BBC reducing Red Button TV services to a single video stream

BBC reducing Red Button TV services to a single stream
No more multi-screen for broadcast TV viewers

The BBC has announced that it is cutting back the popular Red Button service to just one video stream on October 15.

The service, which proved hugely useful during the 2012 Olympic Games coverage, currently offers up to five streams simultaneously, enabling multi-view for big events.

The BBC said, as the service runs on linear broadcast technology, it is no longer a cost-effective solution, which is sure to displease the license payers who make use of the Red Button.

Instead, it will be directing Sky, FreeSat and Virgin customers (Freeview users only have one stream) to the BBC website and Internet TV apps in order to continue making use of extended Red Button coverage.

Not the beginning of the end

"This change in no way signals the demise of BBC Red Button," wrote Tom Williams, Development Editor for red button and dual screen in BBC Vision, on the BBC's Internet blog.

"The BBC is committed to maintaining a vibrant and popular red button service. 20 million people a month press red on the BBC and our ambition is to develop the service and increase the size of our audience," he said.

Later, he continues: "Of course, the reduction in video streams will have an impact; we won't be able to offer the choice of coverage we have previously and big events will no longer be multi-screen on red button. This will be a disappointment for many viewers, particularly sports fans, but I'm pleased to say that content previously on red button will be available on BBC Online and we are developing new ways of bringing enhanced coverage of major events to your televisions in the future."

Live restart on your TV

Those new ways include the Connected Red Button, announced back in June, which will launch later this year on for the BBC Online app for connected televisions.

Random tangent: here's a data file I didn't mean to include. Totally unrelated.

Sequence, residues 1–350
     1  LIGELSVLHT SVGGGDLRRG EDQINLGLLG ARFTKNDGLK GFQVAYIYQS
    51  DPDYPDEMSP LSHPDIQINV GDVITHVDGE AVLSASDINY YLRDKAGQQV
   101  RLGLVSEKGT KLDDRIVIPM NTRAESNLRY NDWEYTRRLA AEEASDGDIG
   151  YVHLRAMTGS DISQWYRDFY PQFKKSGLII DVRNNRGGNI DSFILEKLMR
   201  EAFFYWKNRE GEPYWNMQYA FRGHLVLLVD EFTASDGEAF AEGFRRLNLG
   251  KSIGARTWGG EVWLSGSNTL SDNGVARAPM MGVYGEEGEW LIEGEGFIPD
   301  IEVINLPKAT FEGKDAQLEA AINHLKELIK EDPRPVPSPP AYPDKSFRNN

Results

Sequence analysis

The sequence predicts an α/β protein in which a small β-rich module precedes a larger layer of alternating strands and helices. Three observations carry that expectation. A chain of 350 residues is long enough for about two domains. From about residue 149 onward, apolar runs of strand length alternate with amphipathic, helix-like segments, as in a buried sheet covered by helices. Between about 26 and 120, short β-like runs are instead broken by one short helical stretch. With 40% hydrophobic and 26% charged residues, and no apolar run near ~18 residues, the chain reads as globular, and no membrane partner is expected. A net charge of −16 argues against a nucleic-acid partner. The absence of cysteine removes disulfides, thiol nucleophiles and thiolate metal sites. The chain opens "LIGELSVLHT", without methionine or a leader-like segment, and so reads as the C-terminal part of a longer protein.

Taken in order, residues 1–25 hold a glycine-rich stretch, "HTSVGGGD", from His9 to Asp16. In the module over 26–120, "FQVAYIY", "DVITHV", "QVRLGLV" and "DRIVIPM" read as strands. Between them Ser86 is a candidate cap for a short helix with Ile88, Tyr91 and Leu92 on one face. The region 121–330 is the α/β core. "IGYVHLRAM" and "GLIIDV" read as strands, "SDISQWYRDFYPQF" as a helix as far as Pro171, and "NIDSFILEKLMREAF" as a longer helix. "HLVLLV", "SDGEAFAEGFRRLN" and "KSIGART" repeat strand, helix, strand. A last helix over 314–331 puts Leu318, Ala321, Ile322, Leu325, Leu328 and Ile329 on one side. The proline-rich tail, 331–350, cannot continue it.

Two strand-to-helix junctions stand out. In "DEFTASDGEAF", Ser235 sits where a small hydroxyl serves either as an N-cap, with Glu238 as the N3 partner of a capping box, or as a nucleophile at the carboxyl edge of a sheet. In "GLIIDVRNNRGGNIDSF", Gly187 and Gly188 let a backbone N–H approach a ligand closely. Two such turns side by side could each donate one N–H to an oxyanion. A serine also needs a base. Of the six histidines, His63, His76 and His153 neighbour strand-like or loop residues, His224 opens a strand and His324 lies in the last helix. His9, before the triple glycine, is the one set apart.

This, according to Williams, "will take advantage of new web-based technologies that deliver richer, more visually-enticing programmes.

"New functions like 'live restart' will be introduced directly to your TV, meaning that next time you come in halfway through The Apprentice, you can simply skip back to the start of the programme.

"Or, if you don't like what's on, find your favourite programme in BBC iPlayer or catch up with the latest news and sport live and on-demand, all on your TV."

For a full outline of the BBC's decision to trim back Red Button services, which is sure to be a huge disappointment for those without connected televisions, follow the link in the hat-tip below.

Via BBC Internet blog

Chris Smith

A technology journalist, writer and videographer of many magazines and websites including T3, Gadget Magazine and He specializes in applications for smartphones, tablets and handheld devices, with bylines also at The Guardian, WIRED, Trusted Reviews and Wareable. Chris is also the podcast host for The Liverpool Way. As well as tech and football, Chris is a pop-punk fan and enjoys the art of wrasslin'.